In a study published in Current Biology, researchers have reported the identification of key genes controlling shoot molybdenum concentrations in soybeans and have unlocked the mystery of how molybdenum fertilizer boosts soybean yield.
Molybdenum is a trace element indispensable to plant growth. For leguminous plants, especially soybeans, molybdenum fertilizer is particularly important. The high demand for molybdenum in leguminous plants is often assumed to be associated with the significant amount of molybdenum required for symbiotic nitrogen fixation. However, this hypothesis seems to contradict the practical application of foliar molybdenum fertilizer because nodule nitrogen fixation occurs at the root.
Soy is the most important plant-derived source of dietary protein and oil, making soybeans crucial for global food security and human health. Despite the importance of soybeans, though, scientists previously weren't clear whether different soybean varieties showed a natural variation in molybdenum utilization and, if they did, how such a potential variation might affect soybean production and how such differences could be leveraged.
The current research—involving Chao Daiyin's group at the Center for Excellence in Molecular Plant Science of the Chinese Academy of Sciences (CAS) and Tian Zhixi's group at the Institute of Genetics and Developmental Biology of CAS—helps answer these questions.
Using a genome-wide association study and ionomics, the researchers identified two genes, GmMOT1.1 and GmMOT1.2, that control natural variation in molybdate uptake and transport in soybeans.
Through further analysis, they revealed five major haplotypes of GmMOT1.1 and GmMOT1.2 in soybean varieties, with haplotype 5 exhibiting the highest expression and molybdenum transport capacity, while haplotype 4 showed the lowest expression and transport capacity. A series of genetic and molecular experiments subsequently indicated that GmMOT1.1 and GmMOT1.2 are involved in molybdate uptake in the roots and root-to-shoot transport of molybdate.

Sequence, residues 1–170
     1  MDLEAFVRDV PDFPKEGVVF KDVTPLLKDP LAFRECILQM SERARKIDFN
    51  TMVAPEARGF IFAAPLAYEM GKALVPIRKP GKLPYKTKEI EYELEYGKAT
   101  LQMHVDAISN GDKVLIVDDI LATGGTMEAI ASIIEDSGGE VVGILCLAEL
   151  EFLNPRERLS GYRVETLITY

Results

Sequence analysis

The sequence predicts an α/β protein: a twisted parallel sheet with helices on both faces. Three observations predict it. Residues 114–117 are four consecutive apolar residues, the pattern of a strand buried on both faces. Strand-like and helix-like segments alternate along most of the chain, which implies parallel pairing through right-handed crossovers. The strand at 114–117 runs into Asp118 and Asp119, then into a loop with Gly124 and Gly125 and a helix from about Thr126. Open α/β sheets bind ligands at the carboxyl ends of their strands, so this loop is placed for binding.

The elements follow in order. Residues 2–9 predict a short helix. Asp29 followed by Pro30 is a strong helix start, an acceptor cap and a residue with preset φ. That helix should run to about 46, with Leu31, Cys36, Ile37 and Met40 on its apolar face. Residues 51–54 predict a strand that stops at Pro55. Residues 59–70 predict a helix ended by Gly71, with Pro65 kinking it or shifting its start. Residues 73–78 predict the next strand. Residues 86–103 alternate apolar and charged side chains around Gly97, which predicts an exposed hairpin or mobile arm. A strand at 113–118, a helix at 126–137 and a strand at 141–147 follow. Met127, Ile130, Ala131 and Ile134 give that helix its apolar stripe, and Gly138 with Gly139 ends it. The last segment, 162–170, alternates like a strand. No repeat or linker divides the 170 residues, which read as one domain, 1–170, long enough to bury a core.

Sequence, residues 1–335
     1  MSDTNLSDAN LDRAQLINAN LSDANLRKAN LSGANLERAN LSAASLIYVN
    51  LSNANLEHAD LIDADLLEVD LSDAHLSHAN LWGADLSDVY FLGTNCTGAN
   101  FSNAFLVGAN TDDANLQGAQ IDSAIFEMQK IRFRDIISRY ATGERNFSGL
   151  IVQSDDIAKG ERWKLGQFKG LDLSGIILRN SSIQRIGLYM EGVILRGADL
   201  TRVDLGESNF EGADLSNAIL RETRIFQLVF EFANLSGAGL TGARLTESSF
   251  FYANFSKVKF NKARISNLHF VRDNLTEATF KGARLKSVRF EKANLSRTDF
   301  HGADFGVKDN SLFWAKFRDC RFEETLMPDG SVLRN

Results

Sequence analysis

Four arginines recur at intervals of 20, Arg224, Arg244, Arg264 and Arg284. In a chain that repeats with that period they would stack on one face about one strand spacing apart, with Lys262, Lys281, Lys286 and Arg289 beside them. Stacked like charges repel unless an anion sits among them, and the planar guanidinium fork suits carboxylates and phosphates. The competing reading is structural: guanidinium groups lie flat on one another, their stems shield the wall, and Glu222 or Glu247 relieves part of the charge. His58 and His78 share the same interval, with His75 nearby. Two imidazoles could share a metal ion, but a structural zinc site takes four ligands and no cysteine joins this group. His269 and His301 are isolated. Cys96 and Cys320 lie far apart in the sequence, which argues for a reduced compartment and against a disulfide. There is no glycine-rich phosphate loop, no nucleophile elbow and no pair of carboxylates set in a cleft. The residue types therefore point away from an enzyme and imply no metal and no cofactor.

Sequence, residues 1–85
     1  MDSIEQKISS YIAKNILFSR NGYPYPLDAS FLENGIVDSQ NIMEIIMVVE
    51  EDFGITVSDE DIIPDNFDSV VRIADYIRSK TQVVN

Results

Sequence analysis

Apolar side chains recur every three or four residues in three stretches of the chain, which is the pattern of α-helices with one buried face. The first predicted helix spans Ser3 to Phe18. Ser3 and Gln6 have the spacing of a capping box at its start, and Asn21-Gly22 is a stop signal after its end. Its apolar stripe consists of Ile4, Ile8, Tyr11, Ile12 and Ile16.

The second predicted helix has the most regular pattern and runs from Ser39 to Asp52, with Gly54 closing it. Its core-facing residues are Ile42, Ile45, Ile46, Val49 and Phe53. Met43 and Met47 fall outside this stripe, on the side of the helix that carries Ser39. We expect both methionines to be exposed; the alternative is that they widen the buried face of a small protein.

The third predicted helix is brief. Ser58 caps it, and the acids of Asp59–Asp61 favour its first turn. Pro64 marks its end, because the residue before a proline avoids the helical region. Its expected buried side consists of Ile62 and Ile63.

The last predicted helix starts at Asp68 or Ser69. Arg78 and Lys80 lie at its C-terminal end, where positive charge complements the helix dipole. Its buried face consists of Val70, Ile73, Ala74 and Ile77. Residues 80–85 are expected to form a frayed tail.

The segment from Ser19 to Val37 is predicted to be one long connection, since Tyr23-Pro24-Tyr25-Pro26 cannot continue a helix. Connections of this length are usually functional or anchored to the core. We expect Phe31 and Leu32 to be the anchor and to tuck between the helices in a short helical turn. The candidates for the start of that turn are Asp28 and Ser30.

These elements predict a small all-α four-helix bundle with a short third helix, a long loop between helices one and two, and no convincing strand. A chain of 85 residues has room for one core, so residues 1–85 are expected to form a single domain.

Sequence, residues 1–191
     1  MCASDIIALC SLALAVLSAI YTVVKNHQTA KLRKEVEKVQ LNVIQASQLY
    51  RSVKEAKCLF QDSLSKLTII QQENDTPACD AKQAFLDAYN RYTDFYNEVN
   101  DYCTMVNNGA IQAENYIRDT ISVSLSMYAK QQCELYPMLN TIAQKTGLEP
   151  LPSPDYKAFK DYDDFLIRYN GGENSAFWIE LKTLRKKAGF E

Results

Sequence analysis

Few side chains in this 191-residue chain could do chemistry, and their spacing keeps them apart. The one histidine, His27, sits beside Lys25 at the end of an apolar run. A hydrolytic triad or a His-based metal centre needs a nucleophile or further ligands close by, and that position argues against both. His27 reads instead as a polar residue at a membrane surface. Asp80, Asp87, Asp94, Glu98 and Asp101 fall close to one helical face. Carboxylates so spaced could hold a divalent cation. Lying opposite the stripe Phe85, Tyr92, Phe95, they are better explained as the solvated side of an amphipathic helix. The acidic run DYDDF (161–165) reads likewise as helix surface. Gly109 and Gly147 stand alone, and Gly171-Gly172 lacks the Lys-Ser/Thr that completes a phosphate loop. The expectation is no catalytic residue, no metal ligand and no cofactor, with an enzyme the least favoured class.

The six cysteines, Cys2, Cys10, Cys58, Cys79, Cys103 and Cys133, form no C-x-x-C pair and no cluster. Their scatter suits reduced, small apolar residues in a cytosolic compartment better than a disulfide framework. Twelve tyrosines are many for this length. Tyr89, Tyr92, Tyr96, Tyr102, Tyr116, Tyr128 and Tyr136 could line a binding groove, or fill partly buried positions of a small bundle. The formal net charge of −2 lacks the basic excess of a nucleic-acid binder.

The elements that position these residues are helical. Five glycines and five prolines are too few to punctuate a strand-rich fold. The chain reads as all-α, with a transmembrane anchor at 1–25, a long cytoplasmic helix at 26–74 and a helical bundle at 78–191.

The researchers also observed that when the function of GmMOT1.1 and GmMOT1.2 was impaired, both the molybdenum content and yield of soybeans were significantly decreased. In contrast, enhancing their function substantially improved molybdenum utilization and soybean yield.
Interestingly, the researchers found that GmMOT1.1 and GmMOT1.2 do not affect the nitrogen-fixing ability of root nodules or other nitrogen assimilation processes in soybeans. They discovered a molybdenum-binding aldehyde oxidase in soybean leaves that catalyzes auxin synthesis, and its catalytic activity depends on molybdenum content.
When the function of GmMOT1.1 and GmMOT1.2 is enhanced, leaf molybdenum concentration increases, promoting auxin synthesis and leaf growth, ultimately increasing soybean yield. This result perfectly explains why spraying molybdenum fertilizer directly on leaves can boost soybean production in agriculture.
Furthermore, the researchers found that the distribution of different haplotypes of these two genes is closely related to soil pH. Hyperfunctional haplotypes are mainly distributed in acidic, low-molybdenum soil areas, while hypofunctional haplotypes tend to be found in alkaline, high-molybdenum soil areas. This result suggests that these two genes can be used to design molecular markers for breeding customized soybean varieties adapted to different soil pH levels.
The study reveals the genetic basis underlying natural variation in molybdenum content in soybeans, uncovers the mechanism whereby foliar molybdenum fertilizer promotes soybean yield in legume crops, and identifies molecular markers for custom soybean breeding based on soil pH. All in all, it provides a strong scientific basis for further optimizing soybean cultivation and breeding strategies to cultivate nutrient-efficient soybean varieties.
Source: Chinese Academy of Sciences